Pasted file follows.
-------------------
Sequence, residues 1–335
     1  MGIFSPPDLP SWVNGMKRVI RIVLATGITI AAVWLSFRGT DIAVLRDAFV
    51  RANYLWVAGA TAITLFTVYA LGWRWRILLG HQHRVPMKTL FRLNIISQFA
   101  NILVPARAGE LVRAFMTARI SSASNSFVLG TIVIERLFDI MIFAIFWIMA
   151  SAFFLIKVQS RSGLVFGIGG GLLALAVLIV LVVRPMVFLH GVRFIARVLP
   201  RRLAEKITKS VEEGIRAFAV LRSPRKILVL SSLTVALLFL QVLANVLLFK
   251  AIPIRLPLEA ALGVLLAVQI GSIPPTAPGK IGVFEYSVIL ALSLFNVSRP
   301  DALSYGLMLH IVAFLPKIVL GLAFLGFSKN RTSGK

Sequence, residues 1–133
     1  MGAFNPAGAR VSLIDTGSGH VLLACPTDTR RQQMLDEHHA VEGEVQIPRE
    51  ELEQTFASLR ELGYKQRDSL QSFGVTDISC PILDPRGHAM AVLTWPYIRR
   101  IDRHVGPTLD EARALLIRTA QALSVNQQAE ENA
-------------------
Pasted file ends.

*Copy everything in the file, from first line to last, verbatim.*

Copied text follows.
Sequence, residues 1–335
     1  MGIFSPPDLP SWVNGMKRVI RIVLATGITI AAVWLSFRGT DIAVLRDAFV
    51  RANYLWVAGA TAITLFTVYA LGWRWRILLG HQHRVPMKTL FRLNIISQFA
   101  NILVPARAGE LVRAFMTARI SSASNSFVLG TIVIERLFDI MIFAIFWIMA
   151  SAFFLIKVQS RSGLVFGIGG GLLALAVLIV LVVRPMVFLH GVRFIARVLP
   201  RRLAEKITKS VEEGIRAFAV LRSPRKILVL SSLTVALLFL QVLANVLLFK
   251  AIPIRLPLEA ALGVLLAVQI GSIPPTAPGK IGVFEYSVIL ALSLFNVSRP
   301  DALSYGLMLH IVAFLPKIVL GLAFLGFSKN RTSGK

Sequence, residues 1–133
     1  MGAFNPAGAR VSLIDTGSGH VLLACPTDTR RQQMLDEHHA VEGEVQIPRE
    51  ELEQTFASLR ELGYKQRDSL QSFGVTDISC PILDPRGHAM AVLTWPYIRR
   101  IDRHVGPTLD EARALLIRTA QALSVNQQAE ENA